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Today’s widely adopted ESG ratings and net-zero pledges are mostly worthless, two pioneers of sustainable investing say  MarketWatchThe problem with ESG investing, in one chart  Quartz

Impact Investing Forum 2024

London. April 24-25, 2023.

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Scores of new funds are claiming to practice environmental, social and governance investing, but their managers are failing to put in the work of determining whether companies they own adhere to those standards.

And that’s leading to style over substance, two long-time ESG portfolio managers said in an interview.

“The majority of investment managers that are applying ESG are simply paying money to data providers to tell them what is good ESG,” said Tony Tursich of the Calamos Global Sustainable Equities Fund (ticker: CGSIX).

ESG ratings aren’t like scores given by credit rating agencies, where there’s agreement on criteria for creditworthiness. With ESG, there are no standard definitions, so ESG scores on the same company by different agencies can vary widely. And there’s no clarity on how they arrive at those scores.

“The methodologies that these data providers use to arrive at their rankings is a black box,” Tursich said. “Bottom line, you can’t rely on these third-party data providers to tell you what is good ESG. And I think the bulk of investment managers out there today that want to be ESG are doing just that.”

With the Securities and Exchange Commission looking into creating standards and definitions for ESG, investment managers who consider ESG as a check-the-box exercise may soon have to change their practices.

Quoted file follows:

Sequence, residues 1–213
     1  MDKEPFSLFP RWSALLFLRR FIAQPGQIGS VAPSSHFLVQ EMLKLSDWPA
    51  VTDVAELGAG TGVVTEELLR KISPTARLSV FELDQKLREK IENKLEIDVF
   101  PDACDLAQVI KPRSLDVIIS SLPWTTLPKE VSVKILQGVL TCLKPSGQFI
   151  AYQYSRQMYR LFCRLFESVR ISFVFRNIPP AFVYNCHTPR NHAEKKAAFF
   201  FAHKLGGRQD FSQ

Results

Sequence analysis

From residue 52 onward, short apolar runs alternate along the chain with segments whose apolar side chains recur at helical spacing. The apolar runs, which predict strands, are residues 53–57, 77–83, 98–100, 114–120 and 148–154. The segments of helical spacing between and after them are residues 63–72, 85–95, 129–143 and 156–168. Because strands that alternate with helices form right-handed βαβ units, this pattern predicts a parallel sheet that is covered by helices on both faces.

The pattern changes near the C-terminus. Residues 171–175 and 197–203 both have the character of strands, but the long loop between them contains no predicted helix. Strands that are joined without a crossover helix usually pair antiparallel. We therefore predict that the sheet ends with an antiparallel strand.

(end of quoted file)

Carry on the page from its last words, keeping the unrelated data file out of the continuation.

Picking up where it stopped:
“The legislation is starting to catch up to some of the greenwashers on the asset management side, and that will continue,” said Jim Madden, co-portfolio manager on the Calamos fund.

Tony Tursich (Calamos)

Sustainable-investing pioneers

Tursich and Madden are considered pioneers in the space, having seen the world of sustainable investing transform from a niche to a Wall Street darling. They developed one of the first sustainable research platforms in the 1990s, and in 1999 launched Portfolio 21, which was eventually bought by Trillium Asset Management, becoming Trillium ESG Global Equity Fund PORTX, +0.37%.

Under their management, that fund beat its index, MSCI ACWI, and the world large-stock category, across short- and long-term time frames. It has a 10-year annualized return of 12.8% versus 11.6% for the index, and it beats 84% of its peers, according to Morningstar.

The two joined Calamos earlier this year as part of the company’s push into sustainable investing, and launched Global Sustainable Equities on Dec. 20. They plan to manage the new fund with the same philosophy they’ve had over the past 30 years, integrating ESG and financial metrics, and looking for high-quality companies with above-average growth potential. The managers say companies with attractive financial attributes that understand their existing and emerging ESG risks have a competitive advantage.

Jim Madden (Calamos)

Values + performance

In the 1990s, sustainable investing was mostly driven by values, with performance second. Tursich and Madden looked at ESG from an environmental risk viewpoint. But there was little data available that measured this type of material risk, so they gathered data from scratch, talking to companies, speaking to non-governmental organizations and combing through academic research.